We do need to learn to stretch, grow, and adapt. But if we are spending most of our time and energy out of our strength zones, we’ll run into trouble and wear out everyone around us. 

Genius and flaws exist in each of us, and neither one has to diminish the other. If you know where your genius lies, but struggle in one particular role, you can create a multifaceted team.

Lead where you’re strong, team where you’re weak. Don’t have someone to team with? Lead where you’re strong and put a system where you’re weak!

Thankfully the process to “teaming” up your weak areas is straightforward. 

In fact, the hardest part is mustering the honest, authentic courage to reach out for help and collaboration.

adult-brainstorming-group

Teaming Process: 

  • Recognize Areas of Weakness
  • Ask For Guidance  
  • Hire the Strengths You Lack 
  • Learn from Your New Team Member 
  • Grow Strength as a Team 
  • Move on to help others with similar problems 

It’s time to admit you can’t do it all. And you’re not expected to!

What is expected of you is to realize that truth. 

I help leaders all the time who say, I can’t admit weakness to my team or tell them what I’m not good at. 

In a sense, the joke is on them, because their team members already know their weaknesses.  

Think about it. How hard would it be for you to rattle off the top five things your leader doesn’t do well? Pretty easy, right? 

So why would you assume that your direct reports can’t do the same? You aren’t hiding your weaknesses from them when you won’t admit them. 

They know your weaknesses better than you do. That’s why you need to be authentic. 

You’re not fooling anyone.

Team Building Begins With Humility

It takes humility to admit, “I am not amazing at this, so I should partner with someone who is.”  Humility multiplies strength. 

Pride isolates people and breaks down teams. 

A humble leader, rather than trying to do it all, functions like an air traffic controller who scans the radar and calls certain team members to move depending on the strengths needed in any particular situation. 

If inauthenticity has created a rift between you and your team, you’re missing out on their support to cover your weaknesses and maximize your strengths. 

Remember: leaders are to achieve results with—and through— their teams.

One Leader’s Tragic—but Avoidable—Story of Failure

The Secret to Managing Team Relationships

Captain William Bligh possessed a strong ship, crewed by forty-three talented Royal Navy seamen. He had charted a clear course and mission.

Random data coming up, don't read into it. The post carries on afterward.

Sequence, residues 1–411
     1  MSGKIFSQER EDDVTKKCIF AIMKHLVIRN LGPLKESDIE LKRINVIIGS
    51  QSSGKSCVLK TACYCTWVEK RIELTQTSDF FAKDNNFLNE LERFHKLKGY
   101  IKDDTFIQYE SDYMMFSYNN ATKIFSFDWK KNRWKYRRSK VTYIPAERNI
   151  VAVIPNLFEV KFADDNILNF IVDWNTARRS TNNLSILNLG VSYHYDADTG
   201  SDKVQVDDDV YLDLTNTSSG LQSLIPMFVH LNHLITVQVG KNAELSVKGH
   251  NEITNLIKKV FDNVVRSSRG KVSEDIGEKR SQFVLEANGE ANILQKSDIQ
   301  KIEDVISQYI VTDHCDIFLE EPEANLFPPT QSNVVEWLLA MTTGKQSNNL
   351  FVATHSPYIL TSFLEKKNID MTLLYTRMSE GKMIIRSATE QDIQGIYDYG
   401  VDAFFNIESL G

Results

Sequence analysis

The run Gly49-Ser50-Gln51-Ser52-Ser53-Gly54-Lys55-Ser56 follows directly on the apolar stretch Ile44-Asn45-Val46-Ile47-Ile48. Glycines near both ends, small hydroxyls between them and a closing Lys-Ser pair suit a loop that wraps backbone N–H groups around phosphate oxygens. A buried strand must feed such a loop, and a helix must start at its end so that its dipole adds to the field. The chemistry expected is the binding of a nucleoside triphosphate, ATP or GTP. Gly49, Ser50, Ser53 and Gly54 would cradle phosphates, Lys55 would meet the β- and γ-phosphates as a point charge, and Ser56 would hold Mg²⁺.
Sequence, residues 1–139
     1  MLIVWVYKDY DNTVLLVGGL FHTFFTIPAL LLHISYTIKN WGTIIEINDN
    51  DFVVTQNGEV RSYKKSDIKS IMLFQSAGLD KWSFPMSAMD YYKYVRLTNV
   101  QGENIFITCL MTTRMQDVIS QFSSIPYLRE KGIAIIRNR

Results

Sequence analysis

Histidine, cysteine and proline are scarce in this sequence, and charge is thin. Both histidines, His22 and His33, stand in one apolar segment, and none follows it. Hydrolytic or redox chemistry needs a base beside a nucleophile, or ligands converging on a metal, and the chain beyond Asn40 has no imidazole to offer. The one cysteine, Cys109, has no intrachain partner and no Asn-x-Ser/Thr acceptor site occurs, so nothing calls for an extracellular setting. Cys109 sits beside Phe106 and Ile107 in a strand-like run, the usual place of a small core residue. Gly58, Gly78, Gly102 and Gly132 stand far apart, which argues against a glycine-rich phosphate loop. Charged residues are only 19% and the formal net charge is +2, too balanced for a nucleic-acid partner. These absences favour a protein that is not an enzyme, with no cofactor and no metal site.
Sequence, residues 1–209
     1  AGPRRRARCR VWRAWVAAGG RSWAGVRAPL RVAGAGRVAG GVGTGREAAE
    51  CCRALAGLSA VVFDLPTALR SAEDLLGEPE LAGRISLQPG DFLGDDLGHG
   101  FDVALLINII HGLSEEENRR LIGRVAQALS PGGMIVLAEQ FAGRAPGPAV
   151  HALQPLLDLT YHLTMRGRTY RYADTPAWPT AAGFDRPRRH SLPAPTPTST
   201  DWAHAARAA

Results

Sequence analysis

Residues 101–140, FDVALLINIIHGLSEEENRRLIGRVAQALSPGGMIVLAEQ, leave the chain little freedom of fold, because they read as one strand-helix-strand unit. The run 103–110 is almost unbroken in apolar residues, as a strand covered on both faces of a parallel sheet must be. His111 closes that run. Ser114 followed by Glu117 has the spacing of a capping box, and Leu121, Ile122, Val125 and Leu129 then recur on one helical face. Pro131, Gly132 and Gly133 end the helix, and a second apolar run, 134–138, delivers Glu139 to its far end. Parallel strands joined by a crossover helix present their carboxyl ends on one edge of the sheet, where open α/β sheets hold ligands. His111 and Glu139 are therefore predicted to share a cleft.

But even in the harsh industry of 18th century sailing, Bligh had a tough reputation. 

Historical accounts tell us his crewmen described him as a stern, overbearing, and critical leader—frequently successful in achieving objectives, but harsh with punishment. 

He was focused, but either not self-aware or, more likely, he just didn’t care. 

The consequences would go down in infamy. 

Bligh could have succeeded in accomplishing the mission IF he had been an InSPIRED leader—if he understood how to manage relationships with his crew.

crew-only-ship-sign

Leadership Passion – Leadership Awareness = Mutiny!

In 1787, Bligh and his crew, along with Bligh’s comrade and leading lieutenant, Fletcher Christian, set sail from England on a ten-month journey. They were bound for Tahiti and its famous breadfruit harvests. 

They reached the island, but instead of purchasing, loading, and leaving with his precious cargo right away, Bligh allowed his men to stick around for five months without any direction or discipline. Bligh refused to understand and manage his people in ways that led to success for the whole team. 

Bligh never took his eyes off his prize—making it to the West Indies to resell the breadfruit and make a pile of cash.

His devotion to the mission, however, blinded him to wise execution. 

Rather than respect his people, he crippled them.

When he piled his men back on board The Bounty after months of rest and socialization with the Tahitian women, he expected instant results without instituting any processes. 

British historian Richard Hough notes Bligh “failed to anticipate how his company would react to the severity and austerity of life at sea … after five dissolute, hedonistic months at Tahiti.”

The problems began immediately. His men grumbled. They complained to Lieutenant Christian about leader Bligh’s strict discipline and exhausting expectations. 

Bligh had a people problem—he didn’t have trust from his crew. 

But at the core, Bligh failed managing his crew’s expectations. 

He had permitted his men to get cozy doing nothing and now had a group of men who resisted his hard-nosed efforts to get them working again. 

Bligh responded to the crew’s resistance with an even harsher crackdown. 

So only three weeks into their journey home, The Bounty’s frustrated crew, including Bligh’s comrade Fletcher Christian, slipped into their captain’s cabin, tied him up at cutlass-point—and set him adrift in the Southern Pacific. 

Pain Points of the Unaware 

Bligh’s story has become legendary through various retellings of the infamous “Mutiny on the Bounty.” 

While you probably haven’t set your boss adrift on the open sea, or been marooned by your employees, you’ve likely been tempted to do so. 

Has your boss (or have YOU) ever… 

  • Failed to manage expectations?
  • Given orders without laying out roles, processes, and goals?
  • Changed course without communicating with the crew? 
  • Gaslighted community concerns and complaints? 
  • Ignored the gap between leadership teaching style and team learning style?

Lack of awareness—of self, of team, and of direction—will always lead here one way or another. 

It comes down to a management of trust.  

When a leader fails to lead people well, the team can’t trust that their next order will lead to success. Missions will fall apart. Even talented teammates, like Bligh’s crew, will rebel. 

Through another series of adventures, Bligh eventually made his way back home. Unfortunately, he didn’t learn his lesson. His unwise and demanding leadership style led to three more mutinies.